Parents have always wanted children to have a good education. However, our generation has taken it to a new level. There is a tremendous amount of pressure on parents to help their children succeed academically. Getting our kids into a “good” college seems to be on everyone’s minds these days without any thought on how this is affecting our kids.
The pressure we put on our kids to succeed in school can be very stressful to them. Children are more anxious and depressed than ever before. The real problem is this, children feel judged by their parents instead of supported. They think, “I feel like my parents will be disappointed in me if I’m not as successful as they want me to be.” It is also creating a lack of internal motivation. Kids think, “My parents worry so much about my homework and school work, why bother worrying about it myself?”
Children who are not able to succeed in school for whatever reason, will have to deal with the problems they have in school and with the feelings of disappointing their parents. This can cause children to feel even more discouraged and compromises their ability to learn.
What can we do as parents to help alleviate our kid’s stress?
- Relax (like your parents before you):
My parents were pretty laid back about school. I don’t remember them ever bothering me about homework. I think they even once said, “Forget homework, go outside and play.”
Because of that, I have never gotten so uptight about schoolwork with my kids. I highly recommend this attitude. It actually helps kids act more responsibly about their work. Kids think, “Hey, if my parents aren’t bothering me about this, then they think I am capable of managing my schoolwork myself.”
- Research has proven that you can relax:
We all know people who were awful at school and still seem to be successful at life. Actually, I can think of many friends, relatives and acquaintances who never succeeded in school but have become outstanding in their given professions.
So, this should not come as surprise but, research has proven the number one predictor for success in life is not your IQ. It is not how well you do in school. We do not need to push our kids to succeed academically. The true measure of success lies in character building, not academics.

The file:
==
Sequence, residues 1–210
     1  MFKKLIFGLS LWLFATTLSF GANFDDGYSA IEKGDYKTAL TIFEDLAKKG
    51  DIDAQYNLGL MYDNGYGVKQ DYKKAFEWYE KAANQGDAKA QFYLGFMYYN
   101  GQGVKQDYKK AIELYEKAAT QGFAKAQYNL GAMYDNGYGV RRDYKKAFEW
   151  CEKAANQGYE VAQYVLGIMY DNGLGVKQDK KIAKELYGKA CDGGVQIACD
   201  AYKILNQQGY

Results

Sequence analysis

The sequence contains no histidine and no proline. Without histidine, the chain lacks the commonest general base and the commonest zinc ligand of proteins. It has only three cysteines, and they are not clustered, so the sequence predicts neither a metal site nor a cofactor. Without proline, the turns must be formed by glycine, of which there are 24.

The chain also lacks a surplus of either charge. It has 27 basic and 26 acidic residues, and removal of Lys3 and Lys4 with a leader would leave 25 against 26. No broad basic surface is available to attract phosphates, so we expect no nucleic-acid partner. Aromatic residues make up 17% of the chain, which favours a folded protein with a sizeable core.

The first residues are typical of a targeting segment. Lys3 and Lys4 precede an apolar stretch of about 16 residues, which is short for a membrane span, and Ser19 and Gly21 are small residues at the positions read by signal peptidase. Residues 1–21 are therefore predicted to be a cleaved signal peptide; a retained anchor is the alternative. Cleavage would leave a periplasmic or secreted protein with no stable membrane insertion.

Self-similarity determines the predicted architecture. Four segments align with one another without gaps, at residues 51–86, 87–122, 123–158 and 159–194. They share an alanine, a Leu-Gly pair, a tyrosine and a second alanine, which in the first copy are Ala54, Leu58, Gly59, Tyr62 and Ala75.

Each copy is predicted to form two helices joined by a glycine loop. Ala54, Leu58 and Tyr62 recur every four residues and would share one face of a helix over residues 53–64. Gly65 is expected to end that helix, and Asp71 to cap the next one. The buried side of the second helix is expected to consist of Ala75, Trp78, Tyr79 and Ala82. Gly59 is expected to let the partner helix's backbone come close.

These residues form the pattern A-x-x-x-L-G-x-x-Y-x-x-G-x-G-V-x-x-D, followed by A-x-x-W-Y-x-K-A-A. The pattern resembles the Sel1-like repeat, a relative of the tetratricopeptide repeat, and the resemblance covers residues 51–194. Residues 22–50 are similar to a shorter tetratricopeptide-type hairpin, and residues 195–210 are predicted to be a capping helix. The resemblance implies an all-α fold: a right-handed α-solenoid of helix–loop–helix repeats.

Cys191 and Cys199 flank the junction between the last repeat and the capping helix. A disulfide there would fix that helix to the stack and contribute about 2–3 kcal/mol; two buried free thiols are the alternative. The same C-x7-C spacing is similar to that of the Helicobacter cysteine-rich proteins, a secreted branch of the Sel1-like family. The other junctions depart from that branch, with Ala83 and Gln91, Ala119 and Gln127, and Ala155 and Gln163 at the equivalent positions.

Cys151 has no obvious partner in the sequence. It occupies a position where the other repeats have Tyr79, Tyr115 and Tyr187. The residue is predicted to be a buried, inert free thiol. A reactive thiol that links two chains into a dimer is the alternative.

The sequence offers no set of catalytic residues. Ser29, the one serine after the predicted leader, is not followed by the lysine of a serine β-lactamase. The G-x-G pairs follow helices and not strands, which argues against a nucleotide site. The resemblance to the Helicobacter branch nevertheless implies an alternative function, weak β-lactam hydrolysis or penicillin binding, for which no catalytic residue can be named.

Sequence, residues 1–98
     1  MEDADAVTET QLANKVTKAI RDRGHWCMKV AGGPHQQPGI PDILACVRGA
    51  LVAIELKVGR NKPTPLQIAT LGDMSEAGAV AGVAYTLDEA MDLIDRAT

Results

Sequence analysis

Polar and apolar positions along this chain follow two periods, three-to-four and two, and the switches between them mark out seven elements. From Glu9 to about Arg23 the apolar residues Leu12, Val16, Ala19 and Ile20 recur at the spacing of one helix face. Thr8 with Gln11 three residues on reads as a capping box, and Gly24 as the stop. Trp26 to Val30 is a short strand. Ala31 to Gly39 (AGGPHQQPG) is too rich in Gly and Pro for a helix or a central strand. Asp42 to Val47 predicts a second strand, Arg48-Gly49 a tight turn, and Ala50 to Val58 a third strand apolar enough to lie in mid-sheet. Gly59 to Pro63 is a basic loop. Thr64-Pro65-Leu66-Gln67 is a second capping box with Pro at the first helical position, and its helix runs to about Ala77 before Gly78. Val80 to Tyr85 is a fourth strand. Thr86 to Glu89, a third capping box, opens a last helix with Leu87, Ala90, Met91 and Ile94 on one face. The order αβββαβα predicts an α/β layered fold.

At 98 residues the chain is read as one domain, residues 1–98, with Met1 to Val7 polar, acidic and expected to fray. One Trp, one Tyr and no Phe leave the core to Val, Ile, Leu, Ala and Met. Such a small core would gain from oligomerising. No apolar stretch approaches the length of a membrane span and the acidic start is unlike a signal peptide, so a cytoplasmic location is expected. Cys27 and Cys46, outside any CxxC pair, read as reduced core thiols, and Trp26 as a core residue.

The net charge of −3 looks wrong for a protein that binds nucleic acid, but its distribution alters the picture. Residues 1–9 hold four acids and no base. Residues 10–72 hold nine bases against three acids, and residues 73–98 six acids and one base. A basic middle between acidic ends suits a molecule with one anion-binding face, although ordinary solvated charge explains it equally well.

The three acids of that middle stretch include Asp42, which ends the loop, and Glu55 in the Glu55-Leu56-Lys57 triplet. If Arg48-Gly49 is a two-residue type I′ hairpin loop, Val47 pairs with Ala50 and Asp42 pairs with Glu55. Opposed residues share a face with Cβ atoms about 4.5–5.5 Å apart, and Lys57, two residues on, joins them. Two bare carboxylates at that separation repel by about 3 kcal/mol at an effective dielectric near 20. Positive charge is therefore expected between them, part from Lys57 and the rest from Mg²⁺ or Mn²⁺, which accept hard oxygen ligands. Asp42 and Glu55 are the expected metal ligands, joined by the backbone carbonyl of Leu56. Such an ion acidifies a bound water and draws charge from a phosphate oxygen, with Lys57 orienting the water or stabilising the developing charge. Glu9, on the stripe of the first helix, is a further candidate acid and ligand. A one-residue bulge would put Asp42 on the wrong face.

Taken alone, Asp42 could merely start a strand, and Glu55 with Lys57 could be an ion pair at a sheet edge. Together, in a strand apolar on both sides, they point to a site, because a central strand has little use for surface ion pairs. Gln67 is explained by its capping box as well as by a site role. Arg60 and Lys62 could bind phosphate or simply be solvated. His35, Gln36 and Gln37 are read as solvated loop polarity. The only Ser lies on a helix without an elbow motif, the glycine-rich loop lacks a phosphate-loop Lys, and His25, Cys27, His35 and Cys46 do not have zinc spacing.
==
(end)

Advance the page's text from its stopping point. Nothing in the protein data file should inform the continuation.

- Be happy:
Successful adults are the ones with a high level of optimism; a positive attitude is what gets you ahead in life. A strong social support system, and an ability to see stress as a challenge and not a threat is also invaluable.
Research has also shown that character can be taught. Parents can teach this to their kids. Modeling is the best way to teach your child. Children with good character traits are usually the kids who see these traits displayed by their parents. We, as parents, need to make sure that we have an optimistic outlook, we have cultivated a strong social network, and that we can effectively handle our own stress.
4. It is not all about school:
The human brain needs constant stimulation. We need to help our children find and cultivate their interests. Learning is not just reading and math, it is understanding nature, collecting bugs, mastering a new dance move, attempting to learn a new sport or a new instrument.
This might take some trial and error to find out what interests your particular child. Maybe its piano lessons, photography classes, karate workshops and art and crafts projects. Trying new things will help develop your child’s intrinsic desire to learn.
- Love them:
Children need to know that they are loved for themselves. They need to be cherished and valued for their natural abilities and strengths. Promoting their interests in areas that they love and areas that come naturally to them to will help them shine. We cannot underestimate the power of being our child’s biggest fan and supporter. We need to say, “I love you, no matter you’re your grades are.” When parents foster their child’s strengths, children learn to be positive, they feel supported and they are better able to handle stress.
- Foster a true love of learning:
As mentioned above, learning can be done in so many different ways and we need to foster a true love of learning that is not dependent on how well we do in school.
I often tell my kids, “It doesn’t matter to me how well you do you in school, it matters more that you find something that you like and enjoy about what you are learning…”
We want to share new things that we learn with our kids and we should often say, after reading an interesting newspaper article or book, “I love learning new things, this is so interesting what do you think?”
Finally, try to have interesting (but still fun!) dinner conversations with your kids, discussing current events, family news and latest scientific discoveries. Playing word games, like scrabble and Bananagrams as well as Sudoku are also forms of learning and they are fun. Vacations are also great ways to make sure you are fostering a love of learning, learning to rock climb as a family, collecting shells on the beach, visiting cool Museums or historical landmarks are all learning opportunities.
Pressuring our children academically is hurting them. Let’s help our kids learn what is truly important in life.